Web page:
Axial Spondyloarthritis is a condition that occurs in young adults¹. It is a possible cause of inflammatory back pain where the inflammatory pain often starts in the lower back and spreads upward over time2.
Ankylosing Spondylitis or AS is a form of Axial Spondyloarthritis in which inflammatory lesions of the sacroiliac joints or spine are present on an X-ray³. AS primarily affects the spine, although other joints can become involved. It causes inflammation of the spinal joints (vertebrae) that can lead to severe, chronic pain and discomfort.⁸

Early intervention can make a difference. Axial Spondyloarthritis is a chronic disease that can worsen over time. Without treatment, the disease can lead to permanent damage7

Who is affected by the disease?

Ankylosing Spondylitis is somewhat more common in men than in women, while non-radiographic Axial Spondyloarthritis is just as common in men as in women4,5. In both cases, the first symptoms usually develop between the ages of 15 and 35. It is uncommon for the condition to start after age 456.

About 5 to 10 in 1000 people have Ankylosing Spondylitis 6

What are the causes of Axial Spondyloarthritis?

Although Axial Spondyloarthritis is a condition that affects the back, the problem comes from the immune system. Axial Spondyloarthritis is thus an “autoimmune disease”. For unknown reasons, the immune system turns against healthy cells of the body, as if they were foreign substances. This can happen in different parts of the body and thus cause inflammation not only in the spine but also in other joints and tissues³.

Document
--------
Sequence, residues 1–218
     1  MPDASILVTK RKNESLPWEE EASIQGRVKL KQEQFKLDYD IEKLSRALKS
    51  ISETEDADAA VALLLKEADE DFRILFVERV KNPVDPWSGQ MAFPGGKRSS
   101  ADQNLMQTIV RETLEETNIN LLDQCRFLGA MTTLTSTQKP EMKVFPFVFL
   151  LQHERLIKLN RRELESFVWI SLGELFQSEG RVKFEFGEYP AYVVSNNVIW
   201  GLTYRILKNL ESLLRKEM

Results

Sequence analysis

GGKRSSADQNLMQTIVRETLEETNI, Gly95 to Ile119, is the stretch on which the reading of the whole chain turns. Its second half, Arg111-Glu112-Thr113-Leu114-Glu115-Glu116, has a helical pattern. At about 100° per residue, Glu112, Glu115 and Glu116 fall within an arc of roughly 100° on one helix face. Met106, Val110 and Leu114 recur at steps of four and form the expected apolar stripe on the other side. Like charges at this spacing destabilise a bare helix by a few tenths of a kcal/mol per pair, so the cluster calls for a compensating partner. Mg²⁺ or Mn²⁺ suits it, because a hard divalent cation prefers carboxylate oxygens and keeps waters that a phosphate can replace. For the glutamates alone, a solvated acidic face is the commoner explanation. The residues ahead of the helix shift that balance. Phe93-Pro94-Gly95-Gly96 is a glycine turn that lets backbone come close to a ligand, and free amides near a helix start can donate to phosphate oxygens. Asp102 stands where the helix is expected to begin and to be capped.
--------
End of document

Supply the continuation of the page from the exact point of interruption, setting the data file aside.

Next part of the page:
Although there is no certainty about the causes, there is a link between the disease and family history. It turns out that people with a specific gene have a higher risk of developing Axial Spondyloarthritis (90% of people with ankylosing spondylitis have the HLA-B27 gene, but most people with this gene will never develop the disease) 6.  

Besides inflammatory back pain, you're more likely to have Axial Spondyloarthritis in the following cases1:

  • You have a positive result for the test for the detection of the gene HLA-B27.
  • You have a family history of axial spondyloarthritis.
  • You have inflammatory bowel disease or psoriasis.
  • You have a recurrent uveitis (= eye infection).

Visit to get more information on the disease of AS, treatment options, supporting groups and the testing on a potential diagnose of AS.

  1. Sieper J et al. Ann Rheum Dis 2009;68(Suppl II):ii1-ii44.
  2. National Ankylosing Spondylitis Society (NASS). Differentiating inflammatory and mechanical back pain. 2012.
  3. Rudwaleit et al. Ann Rheum Dis 2009;68:777-83.
  4. van der Heijde et al. Arthritis Rheum 2006;54:2136-2146.
  5. Sieper J et al. Ann Rheum Dis. 2013;72:815-22.
  6. Dean LE et al. Rheumatology (Oxford) 2014;53:650-7.
  7. Machado P et al. Ann Rheum Dis 2010;69:1465-1470.

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